What You Need to Understand When Filing for Bankruptcy – Part 2

filing bankruptcy

This article is the second part of a two-part series. Be sure to check out the first part here before proceeding with the article below.

In the previous article, we discussed why you shouldn’t rush or prolong your bankruptcy. However, there are also other things that you need to understand when you are filing for bankruptcy. Keep reading below to learn more about what you need to understand.

Don’t Take Out New Loans

If you are filing for bankruptcy and the creditor sees that you are taking out new loans and adding to your debt, they may dismiss your filing. In addition, you may even be charged with fraud if it looks like you are taking out a loan without the intention of paying. Unless you can argue that the loans are for necessities (food, water, utilities, shelter, or clothing), you must avoid taking out any additional loans.

Don’t Attempt to Transfer Assets

If you are in the middle of filing for bankruptcy, avoid transferring any assets. You might be tempted to protect them from being taken away, but doing so could put you in the middle of fraud charges, and your filing may be discharged. If you did end up selling assets before filing to pay for your necessities, be ready to explain so with supporting documents. Otherwise, keep your assets in place.

Disclose All Necessary Information

When filing for bankruptcy, you will be required to disclose a lot of your financial information or situation. Some of the information they may need includes the following:

  • Income sources (prior and current)
  • Any payments that have been made to creditors, family, and friends
  • Any losses to disasters, thefts, gambling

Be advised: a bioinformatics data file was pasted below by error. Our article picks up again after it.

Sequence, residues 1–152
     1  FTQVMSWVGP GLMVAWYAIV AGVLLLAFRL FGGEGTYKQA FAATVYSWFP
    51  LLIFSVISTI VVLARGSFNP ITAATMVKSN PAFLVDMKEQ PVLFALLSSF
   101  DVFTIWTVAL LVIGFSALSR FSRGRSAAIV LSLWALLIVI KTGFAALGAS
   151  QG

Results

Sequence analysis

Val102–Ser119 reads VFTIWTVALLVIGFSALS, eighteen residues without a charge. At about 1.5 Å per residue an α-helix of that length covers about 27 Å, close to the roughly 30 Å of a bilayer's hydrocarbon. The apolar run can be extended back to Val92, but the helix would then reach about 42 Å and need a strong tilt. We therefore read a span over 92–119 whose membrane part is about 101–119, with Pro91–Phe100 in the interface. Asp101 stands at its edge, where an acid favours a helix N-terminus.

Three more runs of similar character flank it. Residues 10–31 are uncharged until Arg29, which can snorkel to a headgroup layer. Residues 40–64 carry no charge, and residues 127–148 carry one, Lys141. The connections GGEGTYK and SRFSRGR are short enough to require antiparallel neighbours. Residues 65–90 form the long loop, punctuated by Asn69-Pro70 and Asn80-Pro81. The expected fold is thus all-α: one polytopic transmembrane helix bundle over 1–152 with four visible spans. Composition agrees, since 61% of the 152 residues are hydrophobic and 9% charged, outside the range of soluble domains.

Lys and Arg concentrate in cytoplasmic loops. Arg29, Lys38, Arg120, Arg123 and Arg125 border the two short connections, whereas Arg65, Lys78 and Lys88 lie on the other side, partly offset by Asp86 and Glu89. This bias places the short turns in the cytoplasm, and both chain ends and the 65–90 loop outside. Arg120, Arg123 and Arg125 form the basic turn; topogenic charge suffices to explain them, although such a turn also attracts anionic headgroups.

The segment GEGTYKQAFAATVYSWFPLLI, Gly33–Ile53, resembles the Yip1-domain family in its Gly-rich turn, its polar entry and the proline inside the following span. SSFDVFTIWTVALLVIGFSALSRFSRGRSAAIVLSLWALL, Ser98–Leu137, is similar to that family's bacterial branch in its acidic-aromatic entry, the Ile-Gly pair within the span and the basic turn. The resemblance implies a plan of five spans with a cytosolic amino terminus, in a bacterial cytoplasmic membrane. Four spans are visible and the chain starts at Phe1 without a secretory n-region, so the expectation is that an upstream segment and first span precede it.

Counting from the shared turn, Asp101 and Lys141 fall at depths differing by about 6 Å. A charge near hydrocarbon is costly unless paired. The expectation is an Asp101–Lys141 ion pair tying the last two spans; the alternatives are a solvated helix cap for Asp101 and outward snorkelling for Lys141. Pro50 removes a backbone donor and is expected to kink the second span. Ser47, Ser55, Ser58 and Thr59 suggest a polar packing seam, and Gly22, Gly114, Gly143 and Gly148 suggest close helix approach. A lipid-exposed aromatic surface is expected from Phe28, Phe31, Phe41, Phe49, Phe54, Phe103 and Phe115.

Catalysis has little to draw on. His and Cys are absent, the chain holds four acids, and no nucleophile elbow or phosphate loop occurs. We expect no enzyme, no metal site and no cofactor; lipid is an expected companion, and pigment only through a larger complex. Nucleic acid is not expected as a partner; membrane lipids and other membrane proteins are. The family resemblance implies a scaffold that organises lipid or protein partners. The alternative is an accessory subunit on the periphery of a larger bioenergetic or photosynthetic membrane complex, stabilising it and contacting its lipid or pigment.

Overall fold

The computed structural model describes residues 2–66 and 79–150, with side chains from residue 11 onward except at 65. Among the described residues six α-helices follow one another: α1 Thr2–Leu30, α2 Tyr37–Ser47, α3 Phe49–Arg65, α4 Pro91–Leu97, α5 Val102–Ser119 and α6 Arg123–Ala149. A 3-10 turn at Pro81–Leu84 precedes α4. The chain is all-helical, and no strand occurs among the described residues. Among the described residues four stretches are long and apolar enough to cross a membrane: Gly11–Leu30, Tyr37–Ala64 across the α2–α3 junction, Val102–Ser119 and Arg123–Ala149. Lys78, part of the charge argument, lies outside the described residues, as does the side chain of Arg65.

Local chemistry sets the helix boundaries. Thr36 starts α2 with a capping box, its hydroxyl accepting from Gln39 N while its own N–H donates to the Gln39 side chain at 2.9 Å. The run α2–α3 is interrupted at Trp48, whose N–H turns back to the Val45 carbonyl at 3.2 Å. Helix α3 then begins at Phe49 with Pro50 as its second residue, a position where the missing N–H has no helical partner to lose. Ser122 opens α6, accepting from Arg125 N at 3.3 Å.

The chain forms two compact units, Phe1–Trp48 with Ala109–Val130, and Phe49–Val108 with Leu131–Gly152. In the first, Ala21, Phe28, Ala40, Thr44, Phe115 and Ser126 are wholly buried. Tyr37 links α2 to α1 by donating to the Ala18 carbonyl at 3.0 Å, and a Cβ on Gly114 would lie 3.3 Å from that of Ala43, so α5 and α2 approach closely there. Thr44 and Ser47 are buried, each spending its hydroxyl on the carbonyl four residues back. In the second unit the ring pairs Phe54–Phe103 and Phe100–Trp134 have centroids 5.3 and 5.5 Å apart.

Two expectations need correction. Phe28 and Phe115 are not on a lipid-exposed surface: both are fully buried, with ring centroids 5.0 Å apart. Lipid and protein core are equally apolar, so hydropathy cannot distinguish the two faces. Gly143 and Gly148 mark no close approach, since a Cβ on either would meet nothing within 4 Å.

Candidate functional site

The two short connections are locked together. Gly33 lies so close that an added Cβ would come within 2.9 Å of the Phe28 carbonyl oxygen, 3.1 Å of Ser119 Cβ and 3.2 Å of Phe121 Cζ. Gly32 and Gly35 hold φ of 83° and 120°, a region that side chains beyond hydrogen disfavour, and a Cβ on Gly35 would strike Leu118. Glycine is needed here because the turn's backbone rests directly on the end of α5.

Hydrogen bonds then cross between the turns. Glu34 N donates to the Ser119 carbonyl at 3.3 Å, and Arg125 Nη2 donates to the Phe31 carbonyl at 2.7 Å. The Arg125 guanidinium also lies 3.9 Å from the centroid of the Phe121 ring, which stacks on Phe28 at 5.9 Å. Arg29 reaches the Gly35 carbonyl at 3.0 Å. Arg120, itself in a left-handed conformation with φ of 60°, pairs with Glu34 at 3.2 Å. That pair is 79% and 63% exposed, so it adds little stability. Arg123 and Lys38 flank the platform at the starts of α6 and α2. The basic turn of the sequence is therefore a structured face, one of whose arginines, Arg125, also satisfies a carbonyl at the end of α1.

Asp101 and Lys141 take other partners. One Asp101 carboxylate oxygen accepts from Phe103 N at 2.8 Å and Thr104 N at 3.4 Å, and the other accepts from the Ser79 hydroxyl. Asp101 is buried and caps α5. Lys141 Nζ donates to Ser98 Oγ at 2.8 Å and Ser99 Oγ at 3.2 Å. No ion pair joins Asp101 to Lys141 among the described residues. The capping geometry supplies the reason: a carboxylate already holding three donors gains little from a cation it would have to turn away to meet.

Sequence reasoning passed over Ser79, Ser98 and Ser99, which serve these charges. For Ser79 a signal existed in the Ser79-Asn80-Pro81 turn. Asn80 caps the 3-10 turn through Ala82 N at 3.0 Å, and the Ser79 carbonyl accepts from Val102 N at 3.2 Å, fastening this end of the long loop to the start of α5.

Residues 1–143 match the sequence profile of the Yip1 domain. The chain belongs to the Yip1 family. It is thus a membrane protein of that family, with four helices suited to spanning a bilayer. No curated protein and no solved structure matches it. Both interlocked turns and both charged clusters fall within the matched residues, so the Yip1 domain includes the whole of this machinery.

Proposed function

• Properties that have been moved, transferred, or sold off
  • Active and inactive financial accounts
  • Business status, whether ongoing or previous

If the court and/or trustees suspect you have made any false statements, an investigation may be launched. You will be fined up to $250,000 or imprisoned for up to 20 years if you make any false statements or fail to disclose any necessary information requested.

Don’t File If You Have Substantial Assets to Receive

If you haven’t filed for bankruptcy and are expecting to receive any substantial assets (inheritance, a huge sum of money as a payment for a loan, a lawsuit settlement, etc.). In that case, you should consider not filing for bankruptcy. These assets may help you pay off your creditors and avoid bankruptcy. This could save you a lot of time, money, and trouble compared to filing for bankruptcy.

Don’t Forget Your Income Tax Returns

Unless you are exempted from filing tax returns, don’t forget to keep your tax returns up to date. This is important as it will help determine your current financial situation. Additionally, if you have been found to not have been filing your tax returns, additional punishment and penalties may be given, which could put you into even hotter waters than where you already are.

Consulting with a Professional

In any case, when filing for bankruptcy, it is crucial to consult with a professional. This way, you can avoid making any errors that could make things more difficult. Consulting with a professional will help you make the best decisions despite your hard situation.

If you need a bankruptcy lawyer in Dallas, you can hire Angela R. Owens. Bankruptcy is a scary situation, but Angela R. Owens will be glad to guide you through your difficult position to make sure that you make the right decisions. Get in touch with Angela R. Owens and get through bankruptcy today.

Angela R. Owens

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